What followed was a “town hall,” in which a half-dozen audience members asked questions from what kind of judges he would appoint to the U.S. Supreme Court to Israel to the deficit to health care to education.
On the deficit: “Barack Obama won’t tackle it. He doesn’t have the courage to do it.”
As for the Supreme Court, a man asked if Pawlenty would appoint someone like Justice Antonin Scalia. Pawlenty quickly replied, “Yes.”
On Israel, in referring to Obama’s recent falling out with Israeli Prime Minister Benjamin Netanyahu, Pawlenty said there should be “no daylight” between the two nations.
On education, he went after teachers’ unions: “We need to break open the monopoly that is our country’s education system … Our own government’s mindless, ridiculous monopoly system. [Applause.] I’m for school choice in all forms.”
Reaction, of course, is positive at event
Reaction, of course, was positive. The throng on the folding chairs was extremely friendly. Alice Cronin, 59, of West Des Moines, said she liked what she heard but was still wavering between Pawlenty, Herman Cain and Minnesota’s other candidate, Rep. Michele Bachmann.
Cronin wore a T-shirt promoting a group called Strong America Now, a fiscally conservative, tax-reduction group that Pawlenty supports.
Jerry Hickok, 74, with red suspenders and a straw fedora, said he liked what he heard Pawlenty say. Bachmann is slated to be in Iowa Thursday amid rumors she might officially declare her candidacy, too.
But Hickok, of Urbandale, Iowa, a retired mortgage broker, said he thinks Pawlenty has a better chance of winning the Iowa caucuses and Republican nomination than Bachmann.
“I think he will win,” said Hickok, 73. “We don’t want the Romney health care,” he said of former Massachusetts governor Mitt Romney’s state health plan. “In the end, I don’t think Iowa will go for him.”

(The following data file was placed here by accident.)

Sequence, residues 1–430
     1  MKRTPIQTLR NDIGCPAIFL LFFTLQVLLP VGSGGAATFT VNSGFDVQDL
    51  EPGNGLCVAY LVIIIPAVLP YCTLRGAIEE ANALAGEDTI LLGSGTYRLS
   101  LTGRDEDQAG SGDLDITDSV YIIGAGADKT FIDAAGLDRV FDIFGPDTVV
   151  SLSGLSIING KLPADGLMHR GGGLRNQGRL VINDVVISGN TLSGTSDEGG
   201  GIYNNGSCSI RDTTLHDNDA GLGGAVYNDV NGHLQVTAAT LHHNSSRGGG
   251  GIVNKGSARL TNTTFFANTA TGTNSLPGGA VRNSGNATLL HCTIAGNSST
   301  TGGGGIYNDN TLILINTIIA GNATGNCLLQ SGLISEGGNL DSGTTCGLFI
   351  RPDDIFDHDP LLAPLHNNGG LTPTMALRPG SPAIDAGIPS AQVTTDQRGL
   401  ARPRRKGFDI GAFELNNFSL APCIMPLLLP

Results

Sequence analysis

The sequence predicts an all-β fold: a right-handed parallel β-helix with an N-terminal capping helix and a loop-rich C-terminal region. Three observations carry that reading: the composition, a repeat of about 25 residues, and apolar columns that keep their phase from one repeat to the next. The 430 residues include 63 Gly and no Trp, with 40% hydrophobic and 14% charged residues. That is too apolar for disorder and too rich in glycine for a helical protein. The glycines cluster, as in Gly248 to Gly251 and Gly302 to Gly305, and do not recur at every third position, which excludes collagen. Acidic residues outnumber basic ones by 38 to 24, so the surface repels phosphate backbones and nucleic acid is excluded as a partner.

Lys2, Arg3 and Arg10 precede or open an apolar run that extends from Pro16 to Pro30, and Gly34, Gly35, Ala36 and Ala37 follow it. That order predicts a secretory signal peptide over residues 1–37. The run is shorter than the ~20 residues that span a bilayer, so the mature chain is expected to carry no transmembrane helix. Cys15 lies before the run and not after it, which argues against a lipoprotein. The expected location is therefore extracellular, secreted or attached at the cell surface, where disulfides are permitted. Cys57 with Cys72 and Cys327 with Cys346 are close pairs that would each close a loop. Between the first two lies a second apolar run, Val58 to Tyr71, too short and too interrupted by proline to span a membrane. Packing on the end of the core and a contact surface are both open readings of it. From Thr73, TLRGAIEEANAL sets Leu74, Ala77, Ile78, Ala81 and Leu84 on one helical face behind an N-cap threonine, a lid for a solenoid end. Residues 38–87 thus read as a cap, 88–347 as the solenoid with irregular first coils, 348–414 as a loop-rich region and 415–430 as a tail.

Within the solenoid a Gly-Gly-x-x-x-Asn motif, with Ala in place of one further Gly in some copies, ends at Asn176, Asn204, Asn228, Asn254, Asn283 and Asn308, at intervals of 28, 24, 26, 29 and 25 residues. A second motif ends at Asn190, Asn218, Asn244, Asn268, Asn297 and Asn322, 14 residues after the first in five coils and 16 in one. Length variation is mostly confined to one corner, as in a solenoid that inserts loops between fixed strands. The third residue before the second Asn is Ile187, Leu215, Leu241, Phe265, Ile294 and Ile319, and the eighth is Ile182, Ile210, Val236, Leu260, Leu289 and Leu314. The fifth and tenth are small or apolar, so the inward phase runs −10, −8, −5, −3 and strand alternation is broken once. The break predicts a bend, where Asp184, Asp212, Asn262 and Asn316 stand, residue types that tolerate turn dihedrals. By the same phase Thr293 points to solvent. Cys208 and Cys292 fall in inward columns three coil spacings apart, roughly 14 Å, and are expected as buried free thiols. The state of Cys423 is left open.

Of Bachmann, Hickok repeated what others said, “I like her, but in my heart I know she can’t win. It’s not the best conservative in the race — it’s the best candidate who can win.”
Four blocks away from the tightly produced Pawlenty show, in the crowded conference room of a Democratic consulting firm, leaders of the Iowa Democratic Party and the Minnesota DFL had their say, too.
It was as rapid a response as a short walk from the Capitol to the office building allowed. Words were not minced.
Iowa Democratic Party Vice Chairman Mike Kiernan pointed out what he labeled as Pawlenty’s record of flip-flopping, particularly as it applied to ethanol subsidies. Pawlenty was once for them as governor of Minnesota.
“Shocking” is what Kiernan called Pawlenty’s ethanol subsidy statements today.
DFL Chairman Ken Martin gladly took the 250-mile ride to Des Moines to blast Pawlenty, who announced his candidacy even as the Minnesota Legislature was deadlocked over a budget that Democrats and others blame on Pawlenty himself.
As for Pawlenty’s commitment to telling the truth, Martin said, “Telling the truth would be very different for Tim Pawlenty because he’s been lying about his record in Minnesota at every one of his campaign stops over the past several months.”
And Martin opined that Pawlenty announced his candidacy in Iowa instead of his home state, “so he can avoid his miserable record back home … There is nothing in Governor Pawlenty’s record that would warrant a promotion.”
He mentioned the state deficit, the rise in property taxes, the number of people who have been taken off of health care rolls …
Of course, as someone pointed out, while former Vice President Mondale announced his candidacy in Minnesota, he wound up winning only one state in ’84 against incumbent Ronald Reagan.
Perhaps, Pawlenty, while playing to Iowa’s most conservative instincts, learned from the great Democrat. Better to declare his candidacy beyond Minnesota’s borders, where the sun shines, his record is less known, the crowds are friendly and the images are presidential.
For encores, Tuesday it’s Florida and Wednesday, Washington, D.C. His name is Pawlenty, and he’s running at full speed.